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Abu Dhabi, UAEThursday 20 September 2018

Total's $7.5b deal for Maersk Oil brings tech to Mideast

Total's latest move can position it for more play as regional governments look to maximise production

Total CEO Patrick Pouyanné said that the purchase of Maersk Oil would help increase the French company's upstream assets. Satish Kumar / The National
Total CEO Patrick Pouyanné said that the purchase of Maersk Oil would help increase the French company's upstream assets. Satish Kumar / The National

Total plans to buy Maersk Oil for US$7.45 billion (Dh27.4bn) in a deal that will strengthen the French oil major’s upstream division and boost its technology that could be deployed in the Middle East.

Denmark’s AP Moller Maersk agreed to sell its oil division to Total to focus on its core activities, including its shipping business. The company said it will use the capital generated from the sale to take a step back from oil to create an “integrated transport and logistics company”.

“The agreement will strengthen the financial flexibility of AP Moller - Maersk and free up resources to focus our future growth on container shipping, ports and logistics,” said Søren Skou, AP Moller Maersk chief executive.

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Under the terms of the deal, AP Moller Maersk will get $4.95bn in Total shares with Total acquiring $2.5b of Maersk Oil’s debt. If the move is approved by shareholders and regulatory bodies, the sale would close in the first quarter of next year.

This will give Total another foot into the North Sea, using Denmark as a regional hub for its operations in the region. It also gives Total the ability to rampup production should oil prices rebound.

“We have an exceptional opportunity to boost the combined competitive position in several core upstream regions and deliver growth, value creation and career opportunities,” said Patrick Pouyanné, chairman and chief executive of Total.

Total said it expected to generate operational, commercial and financial synergies of more than $400 million annually by combining the assets of the two firms. Mr Pouyanné said that the additional value to the company’s portfolio would help it reach a lower breakeven oil price. “This transaction will deepen and accelerate this strategy significantly, as Total will become a 3 million barrels of oil equivalent per day major by 2019 to the benefit of all Total shareholders,” he said.

The Total head had been making indications that the French company was on the prowl particularly for under-estimated assets

Maersk lost out to Total in June, when the French company won a 30 per cent stake in a 25-year agreement to operate Qatar's largest offshore field, Al Shaheen, which was handed over to Total last month. Maerk had operated Al Shaheen since 1992.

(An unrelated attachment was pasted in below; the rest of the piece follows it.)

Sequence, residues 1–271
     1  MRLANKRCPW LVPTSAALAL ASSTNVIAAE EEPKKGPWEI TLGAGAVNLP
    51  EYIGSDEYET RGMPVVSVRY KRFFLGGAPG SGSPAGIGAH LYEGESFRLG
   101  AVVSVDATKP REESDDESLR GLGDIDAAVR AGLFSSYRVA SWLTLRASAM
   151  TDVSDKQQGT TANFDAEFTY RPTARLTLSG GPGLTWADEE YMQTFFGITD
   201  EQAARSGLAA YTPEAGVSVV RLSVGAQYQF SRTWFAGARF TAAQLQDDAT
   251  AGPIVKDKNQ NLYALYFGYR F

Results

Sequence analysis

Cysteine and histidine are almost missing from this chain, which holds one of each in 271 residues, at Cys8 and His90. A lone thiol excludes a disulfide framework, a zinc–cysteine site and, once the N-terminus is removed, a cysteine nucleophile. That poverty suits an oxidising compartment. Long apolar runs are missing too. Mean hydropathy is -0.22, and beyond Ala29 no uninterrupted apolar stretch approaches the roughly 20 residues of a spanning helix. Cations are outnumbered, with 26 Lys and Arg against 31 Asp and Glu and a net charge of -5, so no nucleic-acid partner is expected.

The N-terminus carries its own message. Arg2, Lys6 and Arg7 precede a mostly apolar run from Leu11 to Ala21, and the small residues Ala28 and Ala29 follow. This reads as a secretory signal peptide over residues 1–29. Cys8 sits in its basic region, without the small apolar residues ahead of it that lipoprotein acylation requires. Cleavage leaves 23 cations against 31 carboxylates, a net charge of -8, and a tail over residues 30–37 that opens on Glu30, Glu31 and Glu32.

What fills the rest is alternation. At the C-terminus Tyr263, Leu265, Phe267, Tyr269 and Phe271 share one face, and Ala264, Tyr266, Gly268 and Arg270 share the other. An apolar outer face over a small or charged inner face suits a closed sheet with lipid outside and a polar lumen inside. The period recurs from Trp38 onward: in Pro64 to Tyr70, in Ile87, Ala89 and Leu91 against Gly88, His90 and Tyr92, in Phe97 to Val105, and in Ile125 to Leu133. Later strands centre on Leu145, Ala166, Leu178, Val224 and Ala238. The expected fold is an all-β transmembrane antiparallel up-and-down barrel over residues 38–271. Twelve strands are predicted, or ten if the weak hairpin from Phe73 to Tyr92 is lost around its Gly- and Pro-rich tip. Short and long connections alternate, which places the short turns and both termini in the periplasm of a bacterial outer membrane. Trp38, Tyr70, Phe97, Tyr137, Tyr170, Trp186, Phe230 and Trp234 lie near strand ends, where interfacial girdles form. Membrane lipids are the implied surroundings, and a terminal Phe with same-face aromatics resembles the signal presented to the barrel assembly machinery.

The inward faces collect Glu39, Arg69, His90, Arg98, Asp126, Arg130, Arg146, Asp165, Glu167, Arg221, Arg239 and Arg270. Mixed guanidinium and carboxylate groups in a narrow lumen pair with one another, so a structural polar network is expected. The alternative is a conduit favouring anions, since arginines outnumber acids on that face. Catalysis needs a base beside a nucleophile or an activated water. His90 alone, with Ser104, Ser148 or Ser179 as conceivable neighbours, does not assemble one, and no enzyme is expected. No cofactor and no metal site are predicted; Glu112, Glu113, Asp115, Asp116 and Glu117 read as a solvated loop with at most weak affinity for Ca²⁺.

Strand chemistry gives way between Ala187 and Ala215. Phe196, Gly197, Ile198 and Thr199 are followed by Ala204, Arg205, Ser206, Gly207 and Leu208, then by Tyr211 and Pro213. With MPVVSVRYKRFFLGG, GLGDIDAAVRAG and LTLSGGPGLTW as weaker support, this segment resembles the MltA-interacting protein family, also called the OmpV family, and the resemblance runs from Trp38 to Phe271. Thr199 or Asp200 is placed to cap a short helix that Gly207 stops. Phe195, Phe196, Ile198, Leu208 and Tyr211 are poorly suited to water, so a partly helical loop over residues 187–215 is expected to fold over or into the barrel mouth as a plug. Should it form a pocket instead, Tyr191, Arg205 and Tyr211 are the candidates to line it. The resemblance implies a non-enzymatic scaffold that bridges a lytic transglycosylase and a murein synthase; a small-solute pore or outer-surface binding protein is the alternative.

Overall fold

For Total, acquiring Maersk will boost its technology portfolio which can be applied to its Middle East and North Africa assets.

Pierre-Louis Brenac, Middle East managing partner of consultancy Sia Partners, said that the deal seemed to be a perfect match to generate savings. “Some of Maersk North Sea technology can be useful in the Middle East, such as the tools for drilling and extracting from chalk areas,” he said.

Given Maersk's ability to tap the chalk fields could be applied to the fields here, helping regional oil producers to meet their local enhanced oil recovery (EOR) targets. Hydrocarbons from North Sea chalk are difficult to extract, requiring technical methods to obtain the resource which helps increase production rates.

EOR is a technique that is widely used to maximise production, with the Abu Dhabi National Oil Company looking for its partners to use EOR techniques to help reach its target of 3.5 million barrels per day by the end of next year. Total was the first company to be awarded a 10 per cent stake in the 40-year concession for Abu Dhabi’s prime onshore oilfields.

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Mr Brenac said that Total got a a good price for Maersk, with this deal representing a very conservative amount for the value. “This deal demonstrates Total’s purchasing power and free cash flow,” said Mr Brenac.

This will mark the largest deal in the oil and gas industry this year, though other transactions of lesser value have been announced by majors.

“This may not be the final word from Total,” he said. “They have a lot of cash still available and very well-valued shares. They can have other deals in the pipeline.”

Total’s shares were down 0.06 per cent in evening trading while Maersk shares traded up by 2.89 per cent.

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